Have you ever listened to your own thoughts … while you were listening to someone speak?
Chances are those thoughts were filled with ideas about what you were going to say as soon as they stopped speaking. Arguments, agreements, stories about your own experience – any number of bright, beautiful thoughts and ideas take shape in your mind as you “listen” to what the other person is saying.
Studies of communication conducted as far back as 1988 show that we spend only about 25% of the time listening to someone talking. The remaining 75% of the time is mostly filled with, yes, all those bright ideas about what we’re going to say in reply.
No wonder communication gets scrambled so often and so thoroughly.
Various “active listening” practices try to teach us to pay more attention, and they can create some positive effects. For instance, when we know we’re going to paraphrase back what we’ve heard, we tend to listen a little more carefully. But even that practice tends to have us thinking moment by moment about how we’re going to rephrase their words rather than focusing on the full content of what they’re saying.
The true key to effective listening is to be fully present with what the other person is saying. And that, of course, is easier said than done. (Pun, unfortunately, intended.)
Curious? Here’s an interesting exercise designed to give you an experience of this approach to listening. It’s conducted in pairs (try it out with a colleague!), and takes no more than 20 to 30 minutes to complete, including the debrief at the end.
- Partners sit facing each other, close enough that they can easily hear each other speak. Note that this is not a gazing exercise, which many people strongly dislike. There’s no need to maintain eye contact beyond what you’d normally do in conversation.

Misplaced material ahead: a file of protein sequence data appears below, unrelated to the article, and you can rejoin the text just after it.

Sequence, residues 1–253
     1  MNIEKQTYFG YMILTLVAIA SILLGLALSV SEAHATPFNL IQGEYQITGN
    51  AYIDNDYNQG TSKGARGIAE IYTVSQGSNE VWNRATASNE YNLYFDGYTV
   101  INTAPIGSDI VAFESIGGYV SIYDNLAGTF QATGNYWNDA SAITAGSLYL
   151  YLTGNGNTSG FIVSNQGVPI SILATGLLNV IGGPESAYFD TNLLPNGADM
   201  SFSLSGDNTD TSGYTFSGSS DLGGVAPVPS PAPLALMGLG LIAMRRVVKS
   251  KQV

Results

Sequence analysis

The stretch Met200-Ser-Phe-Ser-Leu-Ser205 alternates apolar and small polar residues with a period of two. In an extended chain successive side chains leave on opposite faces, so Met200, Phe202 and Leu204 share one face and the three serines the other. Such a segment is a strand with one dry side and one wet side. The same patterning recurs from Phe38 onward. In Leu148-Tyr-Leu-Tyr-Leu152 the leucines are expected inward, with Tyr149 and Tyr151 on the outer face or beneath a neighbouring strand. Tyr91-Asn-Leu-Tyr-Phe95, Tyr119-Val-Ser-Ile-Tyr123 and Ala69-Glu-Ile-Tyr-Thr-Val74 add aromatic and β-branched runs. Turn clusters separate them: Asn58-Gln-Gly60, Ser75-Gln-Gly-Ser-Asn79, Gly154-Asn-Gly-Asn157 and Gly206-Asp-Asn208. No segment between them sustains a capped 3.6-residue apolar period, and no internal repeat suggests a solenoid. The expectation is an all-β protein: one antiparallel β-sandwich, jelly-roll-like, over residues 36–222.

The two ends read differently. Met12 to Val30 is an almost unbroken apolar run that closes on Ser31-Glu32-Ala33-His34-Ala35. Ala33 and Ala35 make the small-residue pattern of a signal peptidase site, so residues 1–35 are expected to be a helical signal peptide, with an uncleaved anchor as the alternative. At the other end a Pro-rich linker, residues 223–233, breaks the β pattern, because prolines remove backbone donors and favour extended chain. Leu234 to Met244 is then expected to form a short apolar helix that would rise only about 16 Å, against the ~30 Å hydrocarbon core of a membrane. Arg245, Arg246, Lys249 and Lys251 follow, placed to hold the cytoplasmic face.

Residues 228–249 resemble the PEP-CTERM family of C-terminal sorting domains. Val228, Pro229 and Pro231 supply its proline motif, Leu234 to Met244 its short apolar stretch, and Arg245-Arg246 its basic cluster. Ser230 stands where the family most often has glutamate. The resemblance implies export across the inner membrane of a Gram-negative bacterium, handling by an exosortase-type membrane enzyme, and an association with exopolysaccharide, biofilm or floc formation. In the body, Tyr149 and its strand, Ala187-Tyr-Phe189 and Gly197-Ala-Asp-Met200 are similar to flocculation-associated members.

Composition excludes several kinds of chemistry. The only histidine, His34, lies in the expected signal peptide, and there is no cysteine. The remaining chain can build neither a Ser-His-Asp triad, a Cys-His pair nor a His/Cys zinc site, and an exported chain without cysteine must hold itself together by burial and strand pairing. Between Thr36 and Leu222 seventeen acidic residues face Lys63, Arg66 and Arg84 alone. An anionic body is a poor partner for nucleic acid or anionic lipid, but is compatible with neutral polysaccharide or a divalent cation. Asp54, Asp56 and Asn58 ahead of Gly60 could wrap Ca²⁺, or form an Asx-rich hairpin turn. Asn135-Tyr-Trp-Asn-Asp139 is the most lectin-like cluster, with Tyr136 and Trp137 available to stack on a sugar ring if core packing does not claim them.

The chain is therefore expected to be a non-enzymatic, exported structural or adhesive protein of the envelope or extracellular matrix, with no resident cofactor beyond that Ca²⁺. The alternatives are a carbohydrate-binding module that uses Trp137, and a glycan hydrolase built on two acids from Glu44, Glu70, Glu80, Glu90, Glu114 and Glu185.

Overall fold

- Use whatever method you prefer to select which partner will speak first.
- Begin with both partners closing their eyes and taking a few deep breaths to become quiet and centered in themselves.
- Both partners open their eyes. The first partner begins to speak, telling any story they like about their life. It could be something that happened last week at work, a childhood experience, a vacation – any story at all. The second partner simply receives, listening without responding. No facial response, no nodding, no body language response, no verbal “uh huh” or “oh wow” – no response at all.
- At the end of ten minutes, the partner speaking stops. Switching roles, begin again at step 3.
- When the second partner has spoken and been received, spend five or ten minutes debriefing the experience.
This is a powerful exercise for both the speaker and the listener. Of course it’s very unusual to be simply received in this fashion. Yet the real power of the exercise is for the listener, since it’s almost certain that they have never listened in this way as someone describes an experience.
Of course, in normal conversation one wouldn’t withhold all response as in the exercise. But the simple experience of doing that within the context of the practice opens people’s awareness to how different it is to listen without simultaneously formulating a response!
Recommended Training Resource: Empathic Listening features three video pieces that teach important lessons on listening and show how relationships and results suffer when people either don’t take the time to listen, or when they listen with the intent to respond, rather than the intent to understand.